Diabetic nephropathy: important pathophysiologic mechanisms

Diabetes Res Clin Pract. 2008 Nov 13;82 Suppl 1:S75-9. doi: 10.1016/j.diabres.2008.09.042.


With the global epidemic of type 2 diabetes mellitus, diabetes has become the leading cause of end stage renal failure (ESRF) in most Western countries. Approximately 20-30% of all diabetic subjects will develop evidence of diabetic nephropathy, which represents a continuum from microalbuminuria, to overt nephropathy or macroalbuminuria, and finally ESRF. While there have been significant breakthroughs in the last decade with regards to the prevention and treatment of diabetic kidney disease, in particular blockade of the renin angiotensin system, there is a vital need to identify and target novel pathophysiologic pathways such as advanced glycation which appear to be centrally involved in diabetic renal disease in order to reduce the rising burden of this disease.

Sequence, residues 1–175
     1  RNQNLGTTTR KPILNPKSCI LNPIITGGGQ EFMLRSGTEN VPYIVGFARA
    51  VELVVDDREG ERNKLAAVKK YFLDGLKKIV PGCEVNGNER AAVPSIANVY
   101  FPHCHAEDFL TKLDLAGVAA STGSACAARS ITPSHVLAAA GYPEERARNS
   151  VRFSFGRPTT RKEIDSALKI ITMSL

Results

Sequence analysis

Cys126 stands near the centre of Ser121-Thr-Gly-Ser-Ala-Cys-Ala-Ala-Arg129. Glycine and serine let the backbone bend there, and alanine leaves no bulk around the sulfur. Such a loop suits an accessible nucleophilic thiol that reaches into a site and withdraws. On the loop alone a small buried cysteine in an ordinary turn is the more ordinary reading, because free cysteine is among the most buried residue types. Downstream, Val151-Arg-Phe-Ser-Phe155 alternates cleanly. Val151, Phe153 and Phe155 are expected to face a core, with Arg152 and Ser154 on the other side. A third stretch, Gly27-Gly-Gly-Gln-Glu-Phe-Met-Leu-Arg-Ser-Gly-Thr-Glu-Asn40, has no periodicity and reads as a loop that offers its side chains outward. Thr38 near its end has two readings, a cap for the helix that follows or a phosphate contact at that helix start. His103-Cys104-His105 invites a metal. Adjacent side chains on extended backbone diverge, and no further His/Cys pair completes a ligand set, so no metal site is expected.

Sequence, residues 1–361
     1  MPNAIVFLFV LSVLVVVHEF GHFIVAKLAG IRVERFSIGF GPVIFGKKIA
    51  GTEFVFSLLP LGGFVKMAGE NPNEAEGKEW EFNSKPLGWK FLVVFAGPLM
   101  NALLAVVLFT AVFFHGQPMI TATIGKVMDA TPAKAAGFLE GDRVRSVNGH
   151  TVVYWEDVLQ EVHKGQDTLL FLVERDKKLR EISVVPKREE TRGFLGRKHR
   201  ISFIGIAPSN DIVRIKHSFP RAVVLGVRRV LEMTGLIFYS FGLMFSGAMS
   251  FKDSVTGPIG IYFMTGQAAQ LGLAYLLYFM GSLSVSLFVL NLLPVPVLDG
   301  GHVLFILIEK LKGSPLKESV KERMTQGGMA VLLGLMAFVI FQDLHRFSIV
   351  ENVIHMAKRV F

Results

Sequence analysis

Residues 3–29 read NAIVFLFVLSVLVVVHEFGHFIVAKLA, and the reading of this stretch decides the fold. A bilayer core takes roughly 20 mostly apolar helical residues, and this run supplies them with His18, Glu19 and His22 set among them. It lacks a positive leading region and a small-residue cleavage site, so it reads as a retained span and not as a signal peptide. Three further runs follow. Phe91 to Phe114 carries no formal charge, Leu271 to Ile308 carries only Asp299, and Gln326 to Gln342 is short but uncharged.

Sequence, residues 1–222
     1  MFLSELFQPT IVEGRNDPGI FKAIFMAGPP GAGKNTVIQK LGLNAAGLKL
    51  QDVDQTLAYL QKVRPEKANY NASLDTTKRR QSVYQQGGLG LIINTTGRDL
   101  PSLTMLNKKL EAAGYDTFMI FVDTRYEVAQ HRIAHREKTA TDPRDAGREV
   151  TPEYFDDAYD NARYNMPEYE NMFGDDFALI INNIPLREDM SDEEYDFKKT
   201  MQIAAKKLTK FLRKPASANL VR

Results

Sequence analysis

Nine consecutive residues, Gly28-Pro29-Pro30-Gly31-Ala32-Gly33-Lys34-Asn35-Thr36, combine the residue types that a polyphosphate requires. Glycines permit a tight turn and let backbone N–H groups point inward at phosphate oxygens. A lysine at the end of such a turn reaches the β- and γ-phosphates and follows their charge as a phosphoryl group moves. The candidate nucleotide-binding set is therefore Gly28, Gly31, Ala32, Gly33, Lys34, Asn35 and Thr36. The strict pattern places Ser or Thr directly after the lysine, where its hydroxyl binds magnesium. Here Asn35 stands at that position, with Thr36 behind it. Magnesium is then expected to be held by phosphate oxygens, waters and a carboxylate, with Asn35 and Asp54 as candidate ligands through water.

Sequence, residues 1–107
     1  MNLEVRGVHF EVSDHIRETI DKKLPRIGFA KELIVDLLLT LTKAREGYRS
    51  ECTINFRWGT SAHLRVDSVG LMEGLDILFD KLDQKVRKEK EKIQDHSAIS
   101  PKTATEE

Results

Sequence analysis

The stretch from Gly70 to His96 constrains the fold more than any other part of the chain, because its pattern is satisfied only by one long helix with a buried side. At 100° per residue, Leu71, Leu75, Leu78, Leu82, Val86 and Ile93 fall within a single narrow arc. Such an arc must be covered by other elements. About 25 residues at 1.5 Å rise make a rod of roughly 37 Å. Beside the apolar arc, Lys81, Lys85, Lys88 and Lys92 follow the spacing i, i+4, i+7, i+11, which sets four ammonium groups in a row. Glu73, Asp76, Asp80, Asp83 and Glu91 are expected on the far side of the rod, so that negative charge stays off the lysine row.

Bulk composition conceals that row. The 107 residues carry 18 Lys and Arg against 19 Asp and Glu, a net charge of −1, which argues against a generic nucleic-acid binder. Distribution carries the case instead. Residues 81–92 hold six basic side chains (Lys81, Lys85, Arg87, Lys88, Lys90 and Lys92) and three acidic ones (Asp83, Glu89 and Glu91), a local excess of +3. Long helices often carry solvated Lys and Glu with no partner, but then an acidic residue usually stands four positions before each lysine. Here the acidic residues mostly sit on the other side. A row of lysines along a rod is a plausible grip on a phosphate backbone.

Publication types

  • Review

MeSH terms

  • Connective Tissue Growth Factor / physiology
  • Diabetic Nephropathies / drug therapy*
  • Diabetic Nephropathies / pathology
  • Drug Delivery Systems
  • Glycation End Products, Advanced / antagonists & inhibitors
  • Humans
  • Protein Kinase C / metabolism
  • Protein Kinase C / physiology
  • Transforming Growth Factor beta1 / physiology


  • Glycation End Products, Advanced
  • Transforming Growth Factor beta1
  • Connective Tissue Growth Factor
  • Protein Kinase C